Certainly, the spread of coronavirus has driven up demand for touch-free products throughout facilities as people are going out of their way to avoid hand contact with germy surfaces. To that point, sensor-activated touch-free shower systems are becoming more widely available. These touchless models can more expensive upfront due to the electrical components and installation, but depending on the application, it may be highly appropriate — and even expected by clientele.
Privacy and proximity solutions
Even before the COVID-19 outbreak, a big challenge for some public facilities was getting people to shower in a public setting. The answer, particularly for some facilities such as a fitness center, is to offer users more privacy, amenities that strike a balance between luxury and hygiene and directives/notifications for using every other shower, limiting the number of people in shower areas at one time, etc., to promote social distancing.
Above and beyond cleanliness and germ mitigation measures, it’s important to consider the aesthetics for a fresh, hygienic and appealing look to welcome visitors. After all, showers are used for delivering a healthy cleansing experience.
Rather than molded units, for example, showers with ceramic or glass tile adorned shower stalls with invisible glass partitions are common. “Rain” showerheads, multiple body sprays and hand-held personal sprayers also elevate the shower room experience.
With privacy becoming increasingly important in today’s world, the option of adding partitions and curtains to provide the user with privacy without building walls and adding to the overall construction costs is becoming more frequently specified by architects and engineers.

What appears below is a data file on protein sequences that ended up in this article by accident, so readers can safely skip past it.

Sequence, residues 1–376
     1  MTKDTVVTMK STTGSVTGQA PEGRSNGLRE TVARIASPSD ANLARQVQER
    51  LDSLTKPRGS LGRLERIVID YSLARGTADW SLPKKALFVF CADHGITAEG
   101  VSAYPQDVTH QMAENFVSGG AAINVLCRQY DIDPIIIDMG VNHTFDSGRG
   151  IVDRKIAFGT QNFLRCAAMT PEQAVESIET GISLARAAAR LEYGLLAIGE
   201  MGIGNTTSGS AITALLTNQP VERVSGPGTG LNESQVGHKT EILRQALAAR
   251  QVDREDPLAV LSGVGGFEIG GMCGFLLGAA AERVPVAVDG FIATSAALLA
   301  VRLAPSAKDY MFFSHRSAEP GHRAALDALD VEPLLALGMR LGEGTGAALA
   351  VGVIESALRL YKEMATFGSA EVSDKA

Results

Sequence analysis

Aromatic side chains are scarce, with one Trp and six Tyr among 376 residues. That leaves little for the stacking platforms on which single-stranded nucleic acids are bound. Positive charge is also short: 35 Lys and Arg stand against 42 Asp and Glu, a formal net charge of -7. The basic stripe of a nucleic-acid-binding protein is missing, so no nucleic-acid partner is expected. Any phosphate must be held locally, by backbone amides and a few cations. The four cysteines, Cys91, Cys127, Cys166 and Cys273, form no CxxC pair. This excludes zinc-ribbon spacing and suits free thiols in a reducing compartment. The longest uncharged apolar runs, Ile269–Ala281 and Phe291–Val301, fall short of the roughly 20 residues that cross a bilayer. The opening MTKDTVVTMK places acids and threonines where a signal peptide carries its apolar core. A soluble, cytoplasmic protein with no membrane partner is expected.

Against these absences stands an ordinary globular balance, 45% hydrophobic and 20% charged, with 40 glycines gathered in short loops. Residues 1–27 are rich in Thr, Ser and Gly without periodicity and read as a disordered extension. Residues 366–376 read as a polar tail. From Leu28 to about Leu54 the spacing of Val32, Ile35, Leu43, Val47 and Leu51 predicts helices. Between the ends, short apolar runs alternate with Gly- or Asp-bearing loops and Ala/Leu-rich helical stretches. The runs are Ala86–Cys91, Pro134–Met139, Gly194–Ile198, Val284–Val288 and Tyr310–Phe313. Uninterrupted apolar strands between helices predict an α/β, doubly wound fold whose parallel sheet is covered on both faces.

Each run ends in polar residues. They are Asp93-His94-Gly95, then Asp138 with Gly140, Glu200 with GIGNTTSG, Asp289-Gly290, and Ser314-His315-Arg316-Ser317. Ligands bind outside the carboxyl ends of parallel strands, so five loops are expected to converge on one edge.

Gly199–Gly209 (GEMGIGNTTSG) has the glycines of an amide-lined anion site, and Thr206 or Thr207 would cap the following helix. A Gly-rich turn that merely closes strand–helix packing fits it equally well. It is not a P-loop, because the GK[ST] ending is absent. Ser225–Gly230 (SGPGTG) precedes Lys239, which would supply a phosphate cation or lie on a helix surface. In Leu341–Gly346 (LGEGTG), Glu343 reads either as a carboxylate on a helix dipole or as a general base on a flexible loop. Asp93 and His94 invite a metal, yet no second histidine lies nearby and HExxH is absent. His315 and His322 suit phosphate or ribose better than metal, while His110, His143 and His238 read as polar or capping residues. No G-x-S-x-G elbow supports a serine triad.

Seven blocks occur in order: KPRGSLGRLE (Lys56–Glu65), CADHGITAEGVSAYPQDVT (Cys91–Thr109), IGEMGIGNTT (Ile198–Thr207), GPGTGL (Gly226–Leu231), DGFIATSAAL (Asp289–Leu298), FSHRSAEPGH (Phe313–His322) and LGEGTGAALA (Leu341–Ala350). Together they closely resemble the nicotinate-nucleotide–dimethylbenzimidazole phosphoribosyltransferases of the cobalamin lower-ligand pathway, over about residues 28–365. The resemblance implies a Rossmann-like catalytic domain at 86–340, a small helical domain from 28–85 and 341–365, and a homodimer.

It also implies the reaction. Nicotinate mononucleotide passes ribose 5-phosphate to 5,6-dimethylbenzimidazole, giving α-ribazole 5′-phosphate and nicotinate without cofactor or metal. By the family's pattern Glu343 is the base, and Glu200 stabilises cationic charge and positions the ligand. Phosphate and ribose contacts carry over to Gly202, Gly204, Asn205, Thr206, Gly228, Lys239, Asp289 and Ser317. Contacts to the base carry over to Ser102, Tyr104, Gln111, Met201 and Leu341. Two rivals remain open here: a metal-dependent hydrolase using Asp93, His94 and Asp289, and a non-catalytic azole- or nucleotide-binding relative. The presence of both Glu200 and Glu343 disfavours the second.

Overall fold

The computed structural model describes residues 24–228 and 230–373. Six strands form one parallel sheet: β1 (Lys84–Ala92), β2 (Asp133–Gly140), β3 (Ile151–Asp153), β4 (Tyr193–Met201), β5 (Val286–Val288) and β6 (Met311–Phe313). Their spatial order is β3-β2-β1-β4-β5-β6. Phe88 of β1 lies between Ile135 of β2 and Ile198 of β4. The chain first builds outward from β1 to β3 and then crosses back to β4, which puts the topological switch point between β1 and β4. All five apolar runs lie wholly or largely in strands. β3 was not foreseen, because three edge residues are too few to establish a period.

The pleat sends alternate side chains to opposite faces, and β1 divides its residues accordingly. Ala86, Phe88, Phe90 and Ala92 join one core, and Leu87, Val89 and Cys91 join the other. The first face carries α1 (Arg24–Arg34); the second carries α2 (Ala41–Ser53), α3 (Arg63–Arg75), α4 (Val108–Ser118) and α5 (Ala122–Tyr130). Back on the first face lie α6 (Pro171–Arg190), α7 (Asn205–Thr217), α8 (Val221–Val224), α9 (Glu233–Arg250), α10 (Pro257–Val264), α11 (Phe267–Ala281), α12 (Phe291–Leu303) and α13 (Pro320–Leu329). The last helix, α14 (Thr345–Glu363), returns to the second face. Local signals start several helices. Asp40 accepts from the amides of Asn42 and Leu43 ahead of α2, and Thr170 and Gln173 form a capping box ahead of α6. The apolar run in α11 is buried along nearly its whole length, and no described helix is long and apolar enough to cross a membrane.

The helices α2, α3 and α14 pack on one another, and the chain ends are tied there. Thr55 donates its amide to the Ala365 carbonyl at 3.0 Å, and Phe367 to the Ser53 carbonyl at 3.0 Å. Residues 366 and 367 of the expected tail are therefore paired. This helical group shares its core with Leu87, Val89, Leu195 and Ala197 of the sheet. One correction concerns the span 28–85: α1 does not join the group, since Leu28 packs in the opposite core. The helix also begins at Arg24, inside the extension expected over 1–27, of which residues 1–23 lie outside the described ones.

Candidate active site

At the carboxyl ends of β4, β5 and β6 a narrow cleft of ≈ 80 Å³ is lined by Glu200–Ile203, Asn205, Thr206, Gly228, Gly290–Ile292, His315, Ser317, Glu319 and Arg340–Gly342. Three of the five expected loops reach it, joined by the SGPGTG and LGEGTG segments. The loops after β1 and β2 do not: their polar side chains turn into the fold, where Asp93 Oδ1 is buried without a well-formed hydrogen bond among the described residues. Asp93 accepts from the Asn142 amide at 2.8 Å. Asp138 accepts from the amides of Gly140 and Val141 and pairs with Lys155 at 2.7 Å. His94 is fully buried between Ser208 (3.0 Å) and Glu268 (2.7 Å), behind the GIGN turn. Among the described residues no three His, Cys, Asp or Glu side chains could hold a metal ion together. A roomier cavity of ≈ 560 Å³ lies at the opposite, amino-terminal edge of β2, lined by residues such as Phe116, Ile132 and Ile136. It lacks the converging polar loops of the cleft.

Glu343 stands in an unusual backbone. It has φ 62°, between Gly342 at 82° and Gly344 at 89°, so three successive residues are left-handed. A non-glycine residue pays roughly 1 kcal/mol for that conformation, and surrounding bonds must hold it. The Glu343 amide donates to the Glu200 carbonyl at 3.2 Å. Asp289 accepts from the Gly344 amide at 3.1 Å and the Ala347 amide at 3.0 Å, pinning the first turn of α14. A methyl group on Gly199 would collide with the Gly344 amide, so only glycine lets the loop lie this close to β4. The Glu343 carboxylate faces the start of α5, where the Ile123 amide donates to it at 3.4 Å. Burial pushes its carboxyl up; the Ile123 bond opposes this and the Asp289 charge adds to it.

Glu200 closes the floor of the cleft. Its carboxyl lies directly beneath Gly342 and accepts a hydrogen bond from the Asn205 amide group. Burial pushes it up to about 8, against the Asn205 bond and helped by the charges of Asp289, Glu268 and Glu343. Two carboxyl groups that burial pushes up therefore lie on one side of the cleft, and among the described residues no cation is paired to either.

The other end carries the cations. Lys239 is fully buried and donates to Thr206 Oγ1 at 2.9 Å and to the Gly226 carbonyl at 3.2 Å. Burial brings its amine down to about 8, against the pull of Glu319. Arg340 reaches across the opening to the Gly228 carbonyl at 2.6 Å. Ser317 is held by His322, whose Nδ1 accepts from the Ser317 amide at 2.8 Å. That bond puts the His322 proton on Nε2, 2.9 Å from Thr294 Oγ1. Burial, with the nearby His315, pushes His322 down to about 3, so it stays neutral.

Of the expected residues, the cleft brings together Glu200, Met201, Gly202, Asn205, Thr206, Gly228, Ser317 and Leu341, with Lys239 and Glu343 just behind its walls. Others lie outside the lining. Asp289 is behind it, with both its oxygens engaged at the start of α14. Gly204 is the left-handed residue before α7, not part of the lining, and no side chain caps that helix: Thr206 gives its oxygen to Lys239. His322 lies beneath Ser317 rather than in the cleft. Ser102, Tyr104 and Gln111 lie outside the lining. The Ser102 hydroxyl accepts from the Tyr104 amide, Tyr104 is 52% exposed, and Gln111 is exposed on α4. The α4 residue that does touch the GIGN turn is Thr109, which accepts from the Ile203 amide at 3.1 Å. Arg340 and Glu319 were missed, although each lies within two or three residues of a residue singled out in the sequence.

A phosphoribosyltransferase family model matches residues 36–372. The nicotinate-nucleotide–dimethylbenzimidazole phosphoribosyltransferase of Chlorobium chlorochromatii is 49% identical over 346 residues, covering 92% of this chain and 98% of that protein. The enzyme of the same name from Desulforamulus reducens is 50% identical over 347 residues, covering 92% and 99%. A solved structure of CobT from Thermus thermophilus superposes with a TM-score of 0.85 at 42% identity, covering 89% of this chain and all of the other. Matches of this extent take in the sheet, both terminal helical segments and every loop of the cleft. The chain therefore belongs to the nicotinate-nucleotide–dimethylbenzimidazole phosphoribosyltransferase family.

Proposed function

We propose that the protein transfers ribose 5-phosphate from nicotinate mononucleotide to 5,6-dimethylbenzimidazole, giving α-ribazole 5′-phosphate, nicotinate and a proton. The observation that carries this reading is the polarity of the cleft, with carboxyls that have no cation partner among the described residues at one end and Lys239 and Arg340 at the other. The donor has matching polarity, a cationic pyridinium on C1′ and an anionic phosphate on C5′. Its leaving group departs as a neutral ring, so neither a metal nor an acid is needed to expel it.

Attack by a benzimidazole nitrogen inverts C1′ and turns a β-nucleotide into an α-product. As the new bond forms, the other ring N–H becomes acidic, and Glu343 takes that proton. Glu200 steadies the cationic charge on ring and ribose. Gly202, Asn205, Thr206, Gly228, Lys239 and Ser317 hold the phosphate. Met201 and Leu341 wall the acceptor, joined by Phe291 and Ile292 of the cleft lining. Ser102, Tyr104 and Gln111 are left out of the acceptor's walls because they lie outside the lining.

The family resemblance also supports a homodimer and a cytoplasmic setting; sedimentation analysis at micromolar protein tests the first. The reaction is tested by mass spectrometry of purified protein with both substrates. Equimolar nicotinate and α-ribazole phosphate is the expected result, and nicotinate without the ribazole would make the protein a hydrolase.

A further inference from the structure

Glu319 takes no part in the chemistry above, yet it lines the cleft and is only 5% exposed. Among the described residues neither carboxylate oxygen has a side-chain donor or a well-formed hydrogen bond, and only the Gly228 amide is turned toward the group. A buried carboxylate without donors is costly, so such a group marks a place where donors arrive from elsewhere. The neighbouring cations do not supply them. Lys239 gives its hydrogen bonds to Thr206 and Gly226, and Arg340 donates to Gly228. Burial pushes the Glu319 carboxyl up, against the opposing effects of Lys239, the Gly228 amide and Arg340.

“Modesty modules” can also be a cost-effective solution for larger shower areas. Similar to toilet partitions, modesty modules are low-profile stainless steel partitions grouped around column showers and typically include a stall for showering and another area for dressing, separated by a curtain. The dressing stall can include a teakwood seat and robe hooks.
ADA compliance and barrier-free
To ensure showers are accessible to all users, ADA-compliant showers should be considered, particularly if your facility caters to aging Americans or individuals with physical disabilities who may need extra stability and room to maneuver. Also, building owners and specifiers are requiring more showers to be barrier-free, which means it meets most ADA requirements but is not fully ADA compliant.
Many types of shower configurations are available for maximizing shower space without compromising aesthetic value, while also being cognizant of any special accommodations, including ADA code requirements. Look for complete easy-to-install packages that include a hand-held shower with flexible hose, diverter valve, shower valve, grab bar and barrier-free seat.
It is important to check local codes for any special requirements prior to installation, and obtain specific rules from ADA regarding mounting heights, clearances and ease of operation.
Planning and installing more hygienic and efficient shower fixtures with durable accessories may add costs upfront, but their long-term advantages will save money over the building’s life cycle. In addition to cost savings, facilities will benefit from a more hygienic shower environment, less maintenance, a welcoming barrier-free space and increased privacy. Those are advantages that make a positive impact on everyone — from owners and management to occupants, customers and visitors — as society gears up for post-pandemic facilities.